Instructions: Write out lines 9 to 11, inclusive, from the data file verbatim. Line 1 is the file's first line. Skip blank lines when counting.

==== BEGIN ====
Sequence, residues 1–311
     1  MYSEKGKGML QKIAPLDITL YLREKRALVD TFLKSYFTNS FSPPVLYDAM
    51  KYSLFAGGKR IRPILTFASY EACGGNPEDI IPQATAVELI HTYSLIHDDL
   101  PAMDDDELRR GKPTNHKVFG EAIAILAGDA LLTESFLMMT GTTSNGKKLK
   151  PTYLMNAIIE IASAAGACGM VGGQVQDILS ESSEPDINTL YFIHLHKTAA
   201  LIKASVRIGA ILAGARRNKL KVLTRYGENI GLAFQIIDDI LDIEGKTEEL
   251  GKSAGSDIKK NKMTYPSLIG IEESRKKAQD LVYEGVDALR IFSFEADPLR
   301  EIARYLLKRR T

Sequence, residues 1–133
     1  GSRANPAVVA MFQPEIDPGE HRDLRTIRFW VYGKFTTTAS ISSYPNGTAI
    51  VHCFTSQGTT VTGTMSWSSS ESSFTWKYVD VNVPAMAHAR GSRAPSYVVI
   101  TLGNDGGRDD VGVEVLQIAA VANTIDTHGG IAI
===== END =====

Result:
Sequence, residues 1–133
     1  GSRANPAVVA MFQPEIDPGE HRDLRTIRFW VYGKFTTTAS ISSYPNGTAI
    51  VHCFTSQGTT VTGTMSWSSS ESSFTWKYVD VNVPAMAHAR GSRAPSYVVI